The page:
Hans Eysenck (1916-1997) was one of the most important and influential psychologists of the 20th century, being at the time of his retirement the most-cited social scientist in the World. He was especially known for his view that of psychology should be subject to the same criteria as any other science (e.g. it should produce falsifiable predictions); and for his refusal to subordinate scientific truth to political considerations.
In the course of his career he produced several pioneering books demystifying psychology for the general public: in particular a seminal trilogy (later expanded to a quartet) for Penguin. He was an exceptionally lucid and entertaining writer, and the books sold millions of copies and were translated into several other languages.
None the less, all in Eysenck's career was not sweetness and light. "Controversial" is an adjective that a newspaper cannot be sued for, and to few scientists was it more frequently applied than Eysenck.
Excluding the present opus, there have been two biographies of Eysenck, including his own¹; but that of Gibson², although containing valuable information, is now seriously out of date.
The contents here are as follows:
01 Introduction 02 Presenting a German past 03 The accidental psychologist 04 Dimensions of personality 05 The biology of personality 06 Clinical partisan 07 Mr. Controversial: the psychology of politics 08 Mr. Controversial: race and IQ 09 Smoking, cancer and the final frontier 10 Conclusions
Primary sources Bibliography Index
Eysenck's work and assertions are gone through in considerable detail, and contrasted with those of his colleagues and rivals. Sources and attributions are for the most part careful footnoted, making it very easy to check or follow up any topic.
The general tone is critical, I would even say hostile, tempered by a certain grudging respect. The views of his critics are given a full airing. Among the charges levelled at Eysenck are that:
• When doubted or questioned, his attitude was adversarial rather than conciliatory. • He tended to disregard any data that didn't fit his theories. • He seldom admitted he was wrong.
To evaluate all the claims and counter-claims described in the course of this book is well beyond the capacity of a review. Never the less, the detailed notes make it easily possible to pursue any particular topic, and for this the author should be commended.
It did seem to me that he gave Eysenck insufficient credit for debunking previous faulty work — a task that Eysenck, with his firm grasp of statistics, was extremely skilled at. For instance, although subsequent research may have shown the causal relation between smoking and cancer, much of the original research established merely correlation, and Eysenck was perfectly right to point this out and give alternative hypotheses³.
Eysenck was an extremely prolific writer, both professionally and for the general public. This makes it very easy — even for the casual reader — to obtain his viewpoint, which seldom paid much attention to those of his critics.
These latter views, however, are mostly buried in professional journals*. I therefore believe that the present work is extremely helpful in enabling both the pro and con of Eysenck's work to be evaluated; and so, although I by no means agree with all of the views expressed, I give it five stars.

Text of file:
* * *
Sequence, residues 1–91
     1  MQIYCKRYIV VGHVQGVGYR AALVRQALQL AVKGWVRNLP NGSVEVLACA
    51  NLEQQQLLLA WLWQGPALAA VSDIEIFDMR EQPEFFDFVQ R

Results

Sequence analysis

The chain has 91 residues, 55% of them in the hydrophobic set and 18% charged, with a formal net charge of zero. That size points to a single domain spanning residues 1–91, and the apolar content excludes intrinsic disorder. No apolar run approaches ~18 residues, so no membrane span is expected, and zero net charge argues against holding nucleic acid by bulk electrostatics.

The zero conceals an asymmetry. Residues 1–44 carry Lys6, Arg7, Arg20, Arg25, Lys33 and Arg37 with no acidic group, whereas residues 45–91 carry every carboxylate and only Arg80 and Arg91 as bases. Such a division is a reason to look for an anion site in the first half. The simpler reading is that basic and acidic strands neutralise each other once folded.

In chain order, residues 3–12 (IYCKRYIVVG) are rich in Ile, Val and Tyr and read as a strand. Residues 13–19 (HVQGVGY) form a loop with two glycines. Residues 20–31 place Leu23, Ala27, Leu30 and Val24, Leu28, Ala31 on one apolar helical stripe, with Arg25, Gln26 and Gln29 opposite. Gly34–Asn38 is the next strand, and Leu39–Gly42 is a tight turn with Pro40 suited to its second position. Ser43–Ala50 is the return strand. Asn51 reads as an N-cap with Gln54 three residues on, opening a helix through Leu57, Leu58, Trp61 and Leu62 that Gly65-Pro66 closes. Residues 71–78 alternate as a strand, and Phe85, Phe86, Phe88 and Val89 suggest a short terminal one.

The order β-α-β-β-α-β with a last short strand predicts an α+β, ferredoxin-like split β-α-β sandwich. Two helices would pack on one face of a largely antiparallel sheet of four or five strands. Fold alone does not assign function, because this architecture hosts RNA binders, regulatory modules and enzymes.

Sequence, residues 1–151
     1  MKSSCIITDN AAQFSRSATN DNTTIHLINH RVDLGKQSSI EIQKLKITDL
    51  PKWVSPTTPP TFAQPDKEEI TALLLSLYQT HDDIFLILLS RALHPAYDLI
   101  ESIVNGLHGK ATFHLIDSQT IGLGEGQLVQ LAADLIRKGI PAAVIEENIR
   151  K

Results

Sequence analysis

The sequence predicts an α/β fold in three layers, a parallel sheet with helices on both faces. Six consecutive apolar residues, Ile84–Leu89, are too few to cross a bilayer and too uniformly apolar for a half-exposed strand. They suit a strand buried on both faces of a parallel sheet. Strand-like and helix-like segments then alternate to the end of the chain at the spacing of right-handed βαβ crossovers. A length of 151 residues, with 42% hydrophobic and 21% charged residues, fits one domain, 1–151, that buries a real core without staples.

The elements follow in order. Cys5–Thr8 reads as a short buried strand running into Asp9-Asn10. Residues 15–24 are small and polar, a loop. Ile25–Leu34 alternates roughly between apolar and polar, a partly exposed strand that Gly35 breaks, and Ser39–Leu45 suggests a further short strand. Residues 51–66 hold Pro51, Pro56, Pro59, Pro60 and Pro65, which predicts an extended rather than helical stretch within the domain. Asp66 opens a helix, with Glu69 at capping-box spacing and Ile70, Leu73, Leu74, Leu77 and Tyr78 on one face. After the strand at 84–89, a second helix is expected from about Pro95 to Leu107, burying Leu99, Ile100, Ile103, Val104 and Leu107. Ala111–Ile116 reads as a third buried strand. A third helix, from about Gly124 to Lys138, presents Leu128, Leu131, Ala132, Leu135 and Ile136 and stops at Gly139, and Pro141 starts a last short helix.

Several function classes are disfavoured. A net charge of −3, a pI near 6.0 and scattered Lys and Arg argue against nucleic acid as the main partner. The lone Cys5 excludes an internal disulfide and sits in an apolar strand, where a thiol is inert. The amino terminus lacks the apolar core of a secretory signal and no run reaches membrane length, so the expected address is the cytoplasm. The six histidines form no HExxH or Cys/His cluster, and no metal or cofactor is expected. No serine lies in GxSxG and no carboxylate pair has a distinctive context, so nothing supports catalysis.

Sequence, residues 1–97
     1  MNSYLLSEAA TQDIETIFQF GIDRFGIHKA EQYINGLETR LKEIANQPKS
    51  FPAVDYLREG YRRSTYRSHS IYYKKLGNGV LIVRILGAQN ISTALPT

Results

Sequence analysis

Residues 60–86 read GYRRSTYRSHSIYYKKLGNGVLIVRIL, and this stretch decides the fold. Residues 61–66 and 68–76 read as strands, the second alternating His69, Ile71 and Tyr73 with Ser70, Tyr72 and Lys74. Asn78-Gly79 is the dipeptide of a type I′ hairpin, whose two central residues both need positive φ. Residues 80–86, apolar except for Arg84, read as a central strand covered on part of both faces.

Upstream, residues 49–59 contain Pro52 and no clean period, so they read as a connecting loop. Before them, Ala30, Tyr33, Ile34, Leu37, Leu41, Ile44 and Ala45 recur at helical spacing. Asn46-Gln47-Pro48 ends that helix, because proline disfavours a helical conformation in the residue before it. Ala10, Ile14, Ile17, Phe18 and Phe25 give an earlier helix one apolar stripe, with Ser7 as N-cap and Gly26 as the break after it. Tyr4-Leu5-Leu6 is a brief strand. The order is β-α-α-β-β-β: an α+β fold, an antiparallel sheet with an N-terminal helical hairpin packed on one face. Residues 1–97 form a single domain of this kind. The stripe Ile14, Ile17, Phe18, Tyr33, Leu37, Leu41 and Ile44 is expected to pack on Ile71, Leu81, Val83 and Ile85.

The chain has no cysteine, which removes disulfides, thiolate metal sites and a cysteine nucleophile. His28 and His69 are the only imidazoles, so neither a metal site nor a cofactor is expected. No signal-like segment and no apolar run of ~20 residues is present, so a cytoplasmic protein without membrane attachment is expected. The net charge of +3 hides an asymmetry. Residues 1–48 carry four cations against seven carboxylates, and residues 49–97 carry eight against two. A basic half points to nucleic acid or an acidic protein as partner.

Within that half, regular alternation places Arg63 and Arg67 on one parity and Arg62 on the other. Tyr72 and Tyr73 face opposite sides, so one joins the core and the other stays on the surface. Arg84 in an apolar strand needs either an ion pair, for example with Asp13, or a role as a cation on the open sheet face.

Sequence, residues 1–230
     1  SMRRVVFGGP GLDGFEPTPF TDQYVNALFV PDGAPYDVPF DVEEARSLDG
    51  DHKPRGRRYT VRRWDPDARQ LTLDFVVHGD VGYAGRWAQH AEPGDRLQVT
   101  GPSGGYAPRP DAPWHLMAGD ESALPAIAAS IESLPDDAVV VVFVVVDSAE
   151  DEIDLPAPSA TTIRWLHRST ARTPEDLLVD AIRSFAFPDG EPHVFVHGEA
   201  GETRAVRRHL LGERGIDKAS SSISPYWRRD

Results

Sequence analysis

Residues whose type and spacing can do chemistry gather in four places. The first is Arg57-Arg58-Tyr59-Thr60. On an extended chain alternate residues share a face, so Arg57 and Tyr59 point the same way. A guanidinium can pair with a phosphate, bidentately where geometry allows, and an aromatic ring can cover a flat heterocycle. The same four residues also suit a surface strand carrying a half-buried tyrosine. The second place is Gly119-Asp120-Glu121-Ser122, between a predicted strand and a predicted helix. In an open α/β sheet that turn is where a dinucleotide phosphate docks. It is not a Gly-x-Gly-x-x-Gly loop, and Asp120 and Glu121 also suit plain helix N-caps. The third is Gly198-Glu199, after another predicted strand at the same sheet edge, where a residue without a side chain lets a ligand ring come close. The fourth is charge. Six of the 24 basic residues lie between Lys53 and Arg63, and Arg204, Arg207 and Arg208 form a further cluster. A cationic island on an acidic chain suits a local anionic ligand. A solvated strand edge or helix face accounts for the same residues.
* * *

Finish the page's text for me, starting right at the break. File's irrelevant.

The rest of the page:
*I am not of course speaking of the ad hominem and factually void attacks of the so-called New Left, which are without interest.
P.S. For a list of Eysenck's popular books on psychology, see my Listmania.
An impressive biography. Impression is that Buchanan has not only read most (if not all) of what Eysenck wrote, but also most of the relevant work by his admirers and adverseries. That might suggest a ponderous book, but it's very readable. I did an MPhil in Clinical Psychology at the Institute of Psychiatry in London in 1974-5 when Eysenck was already getting rather marginalised, and I realise now that I did not appreciate what a large part he had played in making behaviour therapy an acceptable alternative to both drug treatment and psychotherapy. I also did not realise just how much empirical work he had done in personality theory, psychometrics and electrophysiological correlates of these. The biographer steers a steady course between admiration for Eysenck's enormous intellectual powers and communication skill, and documentation of his flaws; alas the prodigious output was not accompanied by attention to detail, and his attitude seemed to be 'never mind the quality, feel the width'. He also seemed to enjoy a good academic fight just for the sake of it, and would challenge the status quo throughout his career. He had some good ideas, and his early popularist books inspired a whole generation of future psychologists. However, it was left up to others to do the research properly and so to sort out what was solid and what was not - often a frustrating process that took years. In his later years he got foolishly embroiled in debates about race and IQ - a topic he had not ever researched - and then took funds from tobacco companies for work disputing a direct link between smoking and cancer. A shame that someone who started out clearly pointing out the lack of evidence base for psychoanalysis should end up defending the indefensible.
Very detailed account with considerable repetition. Not the most readable style but a rather heavy academic one. I gave it 4stars for the hard work obvious from the great deal of information gathered. Likely to be the standard work if not last word on this very controversial psychologist.